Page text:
Team:Penn State/Bidirectional Promoters

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Revision as of 05:02, 3 October 2012

Bidirectional Promoters Overview

Bidirectional Promoters

Scientists are frequently confounded by wayward promoters; that is, promoters which do not produce the expected proteins. Some bidirectional promoters are known to exist, but which way they promote and the degree of expression has not been quantified. This project will test the directionality of several BioBrick promoters to answer these questions.

Bidirectional Promoters

Sample navigation menu:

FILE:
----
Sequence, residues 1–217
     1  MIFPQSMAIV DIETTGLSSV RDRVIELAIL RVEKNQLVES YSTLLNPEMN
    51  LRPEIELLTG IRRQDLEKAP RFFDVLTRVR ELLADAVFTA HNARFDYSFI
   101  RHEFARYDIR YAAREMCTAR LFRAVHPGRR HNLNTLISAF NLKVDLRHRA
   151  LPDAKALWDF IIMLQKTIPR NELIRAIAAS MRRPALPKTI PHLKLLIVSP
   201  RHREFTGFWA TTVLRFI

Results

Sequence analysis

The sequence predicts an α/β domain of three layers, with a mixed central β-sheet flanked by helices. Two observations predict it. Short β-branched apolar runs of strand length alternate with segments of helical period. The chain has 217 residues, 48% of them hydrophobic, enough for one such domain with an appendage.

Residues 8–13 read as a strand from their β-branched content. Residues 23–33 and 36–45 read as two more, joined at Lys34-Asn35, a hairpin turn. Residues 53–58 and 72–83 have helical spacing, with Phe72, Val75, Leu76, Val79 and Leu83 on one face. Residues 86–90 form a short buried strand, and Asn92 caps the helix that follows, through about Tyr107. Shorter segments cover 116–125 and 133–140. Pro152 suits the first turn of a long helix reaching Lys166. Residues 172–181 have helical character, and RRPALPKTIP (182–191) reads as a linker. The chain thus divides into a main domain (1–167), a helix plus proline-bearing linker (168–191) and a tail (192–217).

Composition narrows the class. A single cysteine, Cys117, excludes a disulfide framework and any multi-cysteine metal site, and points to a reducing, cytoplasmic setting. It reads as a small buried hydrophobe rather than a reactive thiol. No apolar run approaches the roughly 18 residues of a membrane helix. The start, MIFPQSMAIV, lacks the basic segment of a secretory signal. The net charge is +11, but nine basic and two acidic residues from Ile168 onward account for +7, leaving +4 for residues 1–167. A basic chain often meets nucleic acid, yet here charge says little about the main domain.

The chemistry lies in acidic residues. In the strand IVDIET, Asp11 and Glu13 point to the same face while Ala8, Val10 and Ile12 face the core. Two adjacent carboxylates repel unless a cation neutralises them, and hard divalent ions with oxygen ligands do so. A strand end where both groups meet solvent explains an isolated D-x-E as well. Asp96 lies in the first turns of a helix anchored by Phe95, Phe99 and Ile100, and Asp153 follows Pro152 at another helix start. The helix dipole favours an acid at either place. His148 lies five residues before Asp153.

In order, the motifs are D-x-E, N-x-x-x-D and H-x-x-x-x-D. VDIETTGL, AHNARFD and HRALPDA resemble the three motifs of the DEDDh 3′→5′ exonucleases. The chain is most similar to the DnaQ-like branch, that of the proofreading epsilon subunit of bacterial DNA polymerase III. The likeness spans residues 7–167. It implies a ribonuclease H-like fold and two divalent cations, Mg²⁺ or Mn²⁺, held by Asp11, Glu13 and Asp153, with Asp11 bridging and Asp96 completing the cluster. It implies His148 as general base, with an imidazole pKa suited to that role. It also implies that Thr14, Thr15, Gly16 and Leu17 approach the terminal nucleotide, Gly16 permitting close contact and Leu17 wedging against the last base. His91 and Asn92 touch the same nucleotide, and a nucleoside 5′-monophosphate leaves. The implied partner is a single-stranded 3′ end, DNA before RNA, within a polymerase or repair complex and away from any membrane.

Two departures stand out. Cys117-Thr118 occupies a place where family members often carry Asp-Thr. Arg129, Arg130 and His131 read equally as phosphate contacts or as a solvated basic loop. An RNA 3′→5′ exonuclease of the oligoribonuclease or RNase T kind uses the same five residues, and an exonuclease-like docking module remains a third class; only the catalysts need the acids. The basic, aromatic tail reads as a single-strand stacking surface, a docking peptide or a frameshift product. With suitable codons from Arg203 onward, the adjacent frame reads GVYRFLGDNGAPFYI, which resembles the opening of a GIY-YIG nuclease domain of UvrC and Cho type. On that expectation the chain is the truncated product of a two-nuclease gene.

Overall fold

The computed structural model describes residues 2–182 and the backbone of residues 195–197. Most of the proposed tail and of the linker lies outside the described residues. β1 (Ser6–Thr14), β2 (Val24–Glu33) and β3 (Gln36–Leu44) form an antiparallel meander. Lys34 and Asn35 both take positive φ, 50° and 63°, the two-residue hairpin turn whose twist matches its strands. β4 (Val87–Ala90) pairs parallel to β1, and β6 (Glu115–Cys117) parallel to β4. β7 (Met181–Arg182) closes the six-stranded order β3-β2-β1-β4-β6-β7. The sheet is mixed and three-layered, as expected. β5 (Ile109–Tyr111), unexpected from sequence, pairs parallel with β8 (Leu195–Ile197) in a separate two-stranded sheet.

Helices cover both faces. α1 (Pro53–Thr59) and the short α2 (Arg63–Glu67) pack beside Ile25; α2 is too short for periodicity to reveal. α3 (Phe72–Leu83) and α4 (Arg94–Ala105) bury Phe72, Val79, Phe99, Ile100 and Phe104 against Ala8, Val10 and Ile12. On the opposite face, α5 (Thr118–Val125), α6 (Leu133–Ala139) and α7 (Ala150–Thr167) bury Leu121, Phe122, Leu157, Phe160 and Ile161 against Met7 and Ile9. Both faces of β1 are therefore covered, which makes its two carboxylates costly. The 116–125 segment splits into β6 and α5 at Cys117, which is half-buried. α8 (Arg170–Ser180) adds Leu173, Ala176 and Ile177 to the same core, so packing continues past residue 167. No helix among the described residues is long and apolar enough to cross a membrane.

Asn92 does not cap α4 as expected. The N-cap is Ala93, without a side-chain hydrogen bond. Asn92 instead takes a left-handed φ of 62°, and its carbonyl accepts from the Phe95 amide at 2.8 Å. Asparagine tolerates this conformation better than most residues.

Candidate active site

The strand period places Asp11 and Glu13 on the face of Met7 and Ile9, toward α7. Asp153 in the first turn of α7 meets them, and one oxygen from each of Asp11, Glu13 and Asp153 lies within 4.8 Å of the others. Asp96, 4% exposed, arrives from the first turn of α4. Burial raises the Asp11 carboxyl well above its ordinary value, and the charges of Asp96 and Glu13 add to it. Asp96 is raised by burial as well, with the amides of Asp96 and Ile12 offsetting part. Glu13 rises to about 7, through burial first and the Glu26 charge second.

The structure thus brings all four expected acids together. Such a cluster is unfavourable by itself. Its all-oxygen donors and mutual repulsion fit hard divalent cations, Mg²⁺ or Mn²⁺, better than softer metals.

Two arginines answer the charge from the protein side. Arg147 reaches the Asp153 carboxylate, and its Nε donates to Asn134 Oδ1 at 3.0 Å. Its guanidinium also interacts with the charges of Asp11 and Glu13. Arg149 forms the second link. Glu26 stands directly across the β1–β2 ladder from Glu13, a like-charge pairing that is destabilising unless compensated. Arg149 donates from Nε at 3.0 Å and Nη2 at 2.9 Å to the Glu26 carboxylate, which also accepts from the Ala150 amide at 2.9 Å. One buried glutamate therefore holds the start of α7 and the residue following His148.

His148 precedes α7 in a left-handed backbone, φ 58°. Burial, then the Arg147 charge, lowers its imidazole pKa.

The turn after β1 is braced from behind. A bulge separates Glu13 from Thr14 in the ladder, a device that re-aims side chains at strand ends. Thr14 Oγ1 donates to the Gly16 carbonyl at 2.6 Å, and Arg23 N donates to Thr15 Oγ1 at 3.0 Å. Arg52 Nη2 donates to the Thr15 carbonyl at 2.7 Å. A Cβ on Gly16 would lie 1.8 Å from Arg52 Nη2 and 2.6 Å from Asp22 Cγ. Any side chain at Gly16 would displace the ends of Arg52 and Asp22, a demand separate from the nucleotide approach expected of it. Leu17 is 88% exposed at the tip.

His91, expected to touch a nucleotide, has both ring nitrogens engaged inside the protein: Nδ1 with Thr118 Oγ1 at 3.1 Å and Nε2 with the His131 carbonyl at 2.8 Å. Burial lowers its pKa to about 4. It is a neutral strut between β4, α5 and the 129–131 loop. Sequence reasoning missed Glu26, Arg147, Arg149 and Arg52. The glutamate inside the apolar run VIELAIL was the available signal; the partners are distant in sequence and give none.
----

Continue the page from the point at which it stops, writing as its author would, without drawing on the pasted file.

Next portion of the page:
Overview | Design | Results

Background

Before we can make a protein, we need an mRNA to carry the information about the order of the amino acids. But before we can make mRNA we need to know where the genes are in the DNA of a cell. Before RNA polymerase can make a copy it needs to bind to the DNA. This is assisted by a variety of factors, other proteins, that look for a specific sequence in the DNA. This sequence is called a promoter because it promotes the transcription of the DNA into RNA by the RNA polymerase. These sequences are generally upstream, or ahead, of a gene's coding sequence.

The Problem

Not all promoters cause RNA polymerase to transcribe downstream in the expected "forward direction". Some promoters can cause RNA polymerase to go in the opposite direction from what is expected, or go in both directions. This is what we are trying to find out; do different promoters go in different directions, and what is the directional preference of different promoters.